The Toyota Prius hybrid started out as a single model, but it grew into an entire "family" with the outgoing third generation.
The original Prius Liftback spawned the Prius C subcompact, Prius V tall wagon, and the Prius Plug-In Hybrid.
While it's unclear whether all of these models will return as part of the fourth-generation Prius lineup, what if Toyota tried the same strategy with a different green car?
The Toyota Mirai hydrogen fuel cell car is being built in limited numbers for now, but could it sustain a Prius-like "family?"
That's the hope of chief engineer Yoshikazu Tanaka, who said he would like to see the Mirai "procreate" into multiple models in a recent interview with Autocar.
Tanaka did not propose any specific models, but an anonymous source told the British publication that hatchback, wagon, crossover, or minivan variants could all be considered if Toyota decides to go this route.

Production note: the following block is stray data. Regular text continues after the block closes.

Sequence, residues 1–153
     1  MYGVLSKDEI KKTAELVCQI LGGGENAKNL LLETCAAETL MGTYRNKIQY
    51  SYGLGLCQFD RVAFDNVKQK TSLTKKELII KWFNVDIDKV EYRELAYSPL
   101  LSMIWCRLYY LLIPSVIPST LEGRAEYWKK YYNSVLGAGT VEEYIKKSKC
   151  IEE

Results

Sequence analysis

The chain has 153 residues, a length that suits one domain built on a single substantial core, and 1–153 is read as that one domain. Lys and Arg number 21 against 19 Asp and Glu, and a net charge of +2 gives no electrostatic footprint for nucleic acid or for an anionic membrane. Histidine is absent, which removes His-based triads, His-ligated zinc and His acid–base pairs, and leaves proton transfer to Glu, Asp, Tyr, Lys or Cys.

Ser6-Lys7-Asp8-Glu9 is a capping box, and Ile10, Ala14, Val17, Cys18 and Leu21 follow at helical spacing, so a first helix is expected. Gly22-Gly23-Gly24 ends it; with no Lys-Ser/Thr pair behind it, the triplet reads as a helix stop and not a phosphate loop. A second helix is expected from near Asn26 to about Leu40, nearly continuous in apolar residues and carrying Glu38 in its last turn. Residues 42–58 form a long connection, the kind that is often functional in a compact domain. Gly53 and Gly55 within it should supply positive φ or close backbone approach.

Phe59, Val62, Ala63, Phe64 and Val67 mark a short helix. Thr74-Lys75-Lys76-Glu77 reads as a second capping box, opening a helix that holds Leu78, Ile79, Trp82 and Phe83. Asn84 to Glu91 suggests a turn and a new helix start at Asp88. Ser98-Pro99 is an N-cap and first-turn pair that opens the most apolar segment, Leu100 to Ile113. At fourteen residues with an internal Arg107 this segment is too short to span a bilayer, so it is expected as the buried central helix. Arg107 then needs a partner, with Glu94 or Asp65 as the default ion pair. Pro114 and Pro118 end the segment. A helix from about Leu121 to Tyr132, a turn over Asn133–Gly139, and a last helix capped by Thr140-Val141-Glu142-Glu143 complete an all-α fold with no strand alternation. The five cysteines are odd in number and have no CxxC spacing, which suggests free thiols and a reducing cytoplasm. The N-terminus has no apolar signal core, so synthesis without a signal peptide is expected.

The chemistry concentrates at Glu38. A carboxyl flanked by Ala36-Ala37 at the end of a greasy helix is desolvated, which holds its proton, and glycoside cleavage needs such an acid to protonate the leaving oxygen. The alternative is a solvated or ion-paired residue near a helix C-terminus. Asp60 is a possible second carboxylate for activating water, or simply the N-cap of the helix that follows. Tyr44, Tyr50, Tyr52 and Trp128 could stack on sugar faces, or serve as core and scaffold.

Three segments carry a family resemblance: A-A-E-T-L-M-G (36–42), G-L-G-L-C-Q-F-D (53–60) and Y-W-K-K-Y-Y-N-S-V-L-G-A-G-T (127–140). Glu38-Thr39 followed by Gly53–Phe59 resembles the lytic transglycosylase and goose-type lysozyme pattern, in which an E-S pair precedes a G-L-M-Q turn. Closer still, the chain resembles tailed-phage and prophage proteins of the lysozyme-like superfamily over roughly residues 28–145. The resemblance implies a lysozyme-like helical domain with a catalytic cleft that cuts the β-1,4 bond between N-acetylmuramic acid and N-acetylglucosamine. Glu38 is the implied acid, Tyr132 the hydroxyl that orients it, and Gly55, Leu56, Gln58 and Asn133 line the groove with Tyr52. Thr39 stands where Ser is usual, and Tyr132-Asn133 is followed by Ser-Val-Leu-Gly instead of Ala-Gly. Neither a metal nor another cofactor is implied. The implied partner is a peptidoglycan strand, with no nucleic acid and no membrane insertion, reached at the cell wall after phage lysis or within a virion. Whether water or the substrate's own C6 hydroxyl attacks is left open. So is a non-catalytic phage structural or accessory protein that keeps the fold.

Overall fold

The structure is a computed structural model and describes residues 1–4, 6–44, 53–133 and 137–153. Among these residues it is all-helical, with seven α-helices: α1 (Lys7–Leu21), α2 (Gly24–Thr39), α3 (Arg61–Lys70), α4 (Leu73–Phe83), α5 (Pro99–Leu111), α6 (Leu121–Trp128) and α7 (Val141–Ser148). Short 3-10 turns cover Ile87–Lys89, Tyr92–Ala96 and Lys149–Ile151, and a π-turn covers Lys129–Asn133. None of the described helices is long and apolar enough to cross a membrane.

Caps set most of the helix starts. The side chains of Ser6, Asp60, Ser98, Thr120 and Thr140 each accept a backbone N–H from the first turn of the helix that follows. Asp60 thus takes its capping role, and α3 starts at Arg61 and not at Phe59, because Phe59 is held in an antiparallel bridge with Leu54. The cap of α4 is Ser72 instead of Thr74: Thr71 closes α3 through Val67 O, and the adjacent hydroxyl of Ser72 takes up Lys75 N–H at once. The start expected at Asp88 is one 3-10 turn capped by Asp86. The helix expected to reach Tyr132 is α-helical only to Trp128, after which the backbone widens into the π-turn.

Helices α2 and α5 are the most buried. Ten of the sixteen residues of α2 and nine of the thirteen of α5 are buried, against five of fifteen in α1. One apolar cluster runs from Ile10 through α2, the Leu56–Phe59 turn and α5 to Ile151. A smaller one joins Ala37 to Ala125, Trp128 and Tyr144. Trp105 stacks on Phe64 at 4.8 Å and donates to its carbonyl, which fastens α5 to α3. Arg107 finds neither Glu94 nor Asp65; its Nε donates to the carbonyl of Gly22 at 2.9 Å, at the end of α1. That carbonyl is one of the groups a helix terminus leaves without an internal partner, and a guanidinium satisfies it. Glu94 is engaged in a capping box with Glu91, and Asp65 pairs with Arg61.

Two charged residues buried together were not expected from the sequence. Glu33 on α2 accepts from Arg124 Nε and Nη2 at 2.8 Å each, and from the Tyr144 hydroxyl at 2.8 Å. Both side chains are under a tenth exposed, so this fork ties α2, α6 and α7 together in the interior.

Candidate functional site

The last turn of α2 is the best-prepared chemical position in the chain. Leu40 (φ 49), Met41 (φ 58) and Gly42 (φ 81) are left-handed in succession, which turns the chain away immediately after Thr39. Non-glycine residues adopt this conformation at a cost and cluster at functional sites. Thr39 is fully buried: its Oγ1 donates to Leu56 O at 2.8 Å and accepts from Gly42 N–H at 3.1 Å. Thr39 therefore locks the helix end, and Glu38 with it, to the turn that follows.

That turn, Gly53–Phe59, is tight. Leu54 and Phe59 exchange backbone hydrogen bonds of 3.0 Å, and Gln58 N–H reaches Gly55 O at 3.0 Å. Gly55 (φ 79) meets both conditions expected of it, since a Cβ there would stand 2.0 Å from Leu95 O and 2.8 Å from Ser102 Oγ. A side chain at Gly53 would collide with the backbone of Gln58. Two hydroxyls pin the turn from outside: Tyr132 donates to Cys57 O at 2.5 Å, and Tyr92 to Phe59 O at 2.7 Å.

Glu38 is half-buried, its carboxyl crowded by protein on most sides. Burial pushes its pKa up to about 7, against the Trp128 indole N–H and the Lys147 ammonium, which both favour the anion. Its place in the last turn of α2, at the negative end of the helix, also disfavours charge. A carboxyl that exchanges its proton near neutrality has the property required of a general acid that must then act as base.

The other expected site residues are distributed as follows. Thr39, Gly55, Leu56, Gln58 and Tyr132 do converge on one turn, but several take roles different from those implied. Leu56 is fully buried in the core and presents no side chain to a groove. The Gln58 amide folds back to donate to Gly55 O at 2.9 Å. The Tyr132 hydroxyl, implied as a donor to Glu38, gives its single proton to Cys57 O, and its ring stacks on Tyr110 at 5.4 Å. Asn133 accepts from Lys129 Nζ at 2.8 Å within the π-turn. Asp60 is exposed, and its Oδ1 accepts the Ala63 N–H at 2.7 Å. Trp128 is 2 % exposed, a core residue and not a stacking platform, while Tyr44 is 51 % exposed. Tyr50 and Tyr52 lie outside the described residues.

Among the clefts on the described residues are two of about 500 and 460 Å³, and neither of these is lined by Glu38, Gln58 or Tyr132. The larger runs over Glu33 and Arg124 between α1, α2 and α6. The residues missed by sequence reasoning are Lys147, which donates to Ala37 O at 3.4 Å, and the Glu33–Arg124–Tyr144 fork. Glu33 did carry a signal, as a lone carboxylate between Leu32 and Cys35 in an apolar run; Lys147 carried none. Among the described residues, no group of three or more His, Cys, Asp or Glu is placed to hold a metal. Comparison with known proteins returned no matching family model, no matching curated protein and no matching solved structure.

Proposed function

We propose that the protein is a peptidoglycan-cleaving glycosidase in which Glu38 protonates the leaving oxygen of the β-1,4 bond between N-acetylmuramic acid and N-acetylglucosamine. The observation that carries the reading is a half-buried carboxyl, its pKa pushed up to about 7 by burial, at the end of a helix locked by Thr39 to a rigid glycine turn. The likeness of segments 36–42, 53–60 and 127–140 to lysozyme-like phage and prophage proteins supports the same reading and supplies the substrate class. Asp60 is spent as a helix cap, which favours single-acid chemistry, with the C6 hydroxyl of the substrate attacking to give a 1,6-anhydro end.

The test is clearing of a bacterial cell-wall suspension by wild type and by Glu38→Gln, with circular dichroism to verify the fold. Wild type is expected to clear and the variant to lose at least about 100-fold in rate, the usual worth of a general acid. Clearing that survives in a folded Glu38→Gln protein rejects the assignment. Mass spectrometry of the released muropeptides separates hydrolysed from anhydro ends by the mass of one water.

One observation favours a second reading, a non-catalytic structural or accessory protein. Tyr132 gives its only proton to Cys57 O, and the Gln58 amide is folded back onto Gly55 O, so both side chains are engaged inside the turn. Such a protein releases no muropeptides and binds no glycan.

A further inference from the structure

2016 Toyota Mirai construction at Motomachi plant
Tanaka also noted that it will likely be 10 or 20 years before fuel-cell cars achieve sales volumes similar to today's hybrids.
He also said that finding clean sources of hydrogen is still an issue.
Extracting hydrogen from renewable sources is largely possible, but is currently too expensive, he said.
Comprehensive hydrogen fueling infrastructure will be necessary to sustain one fuel-cell model, let alone a family of related models.
And Toyota would have to significantly up the pace of fuel-cell car production.
2016 Toyota Mirai U.S. arrival
All production will take place at the low-volume Motomachi Plant in Japan, which previously built the Lexus LFA supercar.
Initially, the Mirai will only be available through eight dealers in California.
Order books have been open since July, and Toyota expects to deliver the first cars to California customers this month.